How to Decide U.S. Policy in Iran, North Korea, Egypt, Libya … And So On

A politician needs the ability to foretell what will happen tomorrow, next week, next month and next year. And to have the ability afterwards to explain why it didn’t happen. Winston Churchill

Ever watched a panel of experts on TV disagreeing over what will happen next in the economy, or in politics, or in a war… or in Libya? These impressive, informed, confident experts are keen to tell us what they think will happen, and even what would happen if political leaders followed their recommendations. Indeed, one or more of these experts may well have the ear of political decision makers.

Influential experts and the political leaders they advise believe that they can make useful forecasts about complex and uncertain situations, such as the one we currently see in Libya. But simply observing the disagreements of the experts should make us question whether relying on experts’ opinions is a good approach to making important policy decisions.

So why doesn’t someone study how to overcome this problem?

As it happens, for about 80 years, and with increasing attention in recent years, researchers have been doing just that.

The research on the value of expertise in forecasting was summarized in 1980 as the Seer-Sucker Theory: “No matter how much evidence exists that seers do not exist, suckers will pay for the existence of seers.”

Philip E. Tetlock, now the Leonore Annenberg University Professor in Democracy and Citizenship at Penn, provided exceptional support for the Seer-Sucker Theory with his 2005 book, Expert Political Judgment. The book describes the findings from Tetlock’s 20-year study of 284 political and economic experts and their 82,361 forecasts during that time. As it turned out, the experts’ forecasts were no more accurate than those of novices.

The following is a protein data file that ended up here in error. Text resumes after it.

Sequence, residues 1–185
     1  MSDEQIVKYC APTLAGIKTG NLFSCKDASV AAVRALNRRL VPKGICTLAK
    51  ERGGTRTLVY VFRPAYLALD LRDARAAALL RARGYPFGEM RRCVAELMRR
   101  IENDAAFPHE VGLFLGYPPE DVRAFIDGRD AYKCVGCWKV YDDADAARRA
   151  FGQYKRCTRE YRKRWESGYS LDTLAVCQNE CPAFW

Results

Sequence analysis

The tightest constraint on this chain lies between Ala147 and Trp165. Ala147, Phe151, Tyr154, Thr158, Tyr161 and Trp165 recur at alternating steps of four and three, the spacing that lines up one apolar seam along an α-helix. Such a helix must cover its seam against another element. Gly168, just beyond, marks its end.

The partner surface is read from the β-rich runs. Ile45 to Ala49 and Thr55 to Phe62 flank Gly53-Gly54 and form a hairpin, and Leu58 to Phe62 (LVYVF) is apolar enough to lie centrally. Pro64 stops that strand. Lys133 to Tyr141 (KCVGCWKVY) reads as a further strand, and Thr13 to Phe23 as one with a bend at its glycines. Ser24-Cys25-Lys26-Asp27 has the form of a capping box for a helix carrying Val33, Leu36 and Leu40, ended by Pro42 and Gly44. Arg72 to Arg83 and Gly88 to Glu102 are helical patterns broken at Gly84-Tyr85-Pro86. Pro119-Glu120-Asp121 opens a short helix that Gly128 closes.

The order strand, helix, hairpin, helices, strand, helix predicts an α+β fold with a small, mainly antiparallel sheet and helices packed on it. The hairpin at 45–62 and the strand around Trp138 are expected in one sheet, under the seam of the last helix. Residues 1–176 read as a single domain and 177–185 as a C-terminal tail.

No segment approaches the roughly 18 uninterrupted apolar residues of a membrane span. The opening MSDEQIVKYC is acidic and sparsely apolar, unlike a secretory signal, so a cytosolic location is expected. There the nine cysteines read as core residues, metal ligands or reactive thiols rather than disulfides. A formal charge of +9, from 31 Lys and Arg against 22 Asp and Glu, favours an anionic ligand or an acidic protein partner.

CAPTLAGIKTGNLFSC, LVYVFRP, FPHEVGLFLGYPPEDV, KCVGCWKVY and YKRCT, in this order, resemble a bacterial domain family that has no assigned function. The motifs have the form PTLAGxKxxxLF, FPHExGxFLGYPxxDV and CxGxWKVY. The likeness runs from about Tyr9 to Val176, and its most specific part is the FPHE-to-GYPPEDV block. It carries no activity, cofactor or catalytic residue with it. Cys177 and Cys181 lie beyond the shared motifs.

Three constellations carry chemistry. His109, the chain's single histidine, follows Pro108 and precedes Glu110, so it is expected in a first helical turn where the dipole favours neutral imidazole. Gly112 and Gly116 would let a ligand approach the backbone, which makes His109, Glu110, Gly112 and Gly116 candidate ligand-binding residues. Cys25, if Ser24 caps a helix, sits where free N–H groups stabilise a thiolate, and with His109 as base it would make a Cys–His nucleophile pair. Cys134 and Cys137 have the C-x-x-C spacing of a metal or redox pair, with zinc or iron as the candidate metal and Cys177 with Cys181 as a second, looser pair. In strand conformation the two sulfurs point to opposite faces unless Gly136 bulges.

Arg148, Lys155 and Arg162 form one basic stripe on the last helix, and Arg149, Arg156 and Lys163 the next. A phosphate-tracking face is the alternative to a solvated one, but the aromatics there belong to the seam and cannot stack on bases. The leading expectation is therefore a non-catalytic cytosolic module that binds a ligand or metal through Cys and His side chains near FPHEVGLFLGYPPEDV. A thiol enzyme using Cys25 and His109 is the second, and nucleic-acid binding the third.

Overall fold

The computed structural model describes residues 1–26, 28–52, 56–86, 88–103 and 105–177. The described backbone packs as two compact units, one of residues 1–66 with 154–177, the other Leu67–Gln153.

The findings also apply to conflict situations. In a recent study, Kesten C. Green of the University of South Australia and I compared the accuracy of 106 forecasts by experts and 169 forecasts by novices about eight real conflicts. The forecasts of experts who used their unaided judgment performed little better than those of novices and were inferior to simple rules (Green & Armstrong 2007a).

In wondering why he made so many mistakes in Vietnam, former Secretary of Defense Robert McNamara suggested it was important to put oneself in the shoes of opponents in order to predict the decisions they would make. Some people in the U.S. intelligence community and others in business told us that this is what they already do. So we searched for evidence on the effectiveness of this procedure. Strangely, we found none; so we tested the recommended method.

We obtained 101 “role-thinking” (our term for the method of “standing in the other person’s shoes”) forecasts of the decisions that would be made in nine diverse conflicts from 27 Naval postgraduate students (experts) and 107 role-thinking forecasts from 103 second-year organizational behavior students (novices). The accuracy of the novices’ forecasts was 33 percent. The experts came in at 31 percent. Both groups were little better than pure chance (call it “guessing”), which was right 28 percent of the time. The lack of improvement in accuracy from role-thinking strengthens the finding from earlier research that it is not sufficient to think hard about a situation in order to predict the decisions groups of people will make when they are in conflict (Green and Armstrong 2011).

In case you are overcome with despair at the desperate state of forecasting for conflicts, please read on: All is not lost!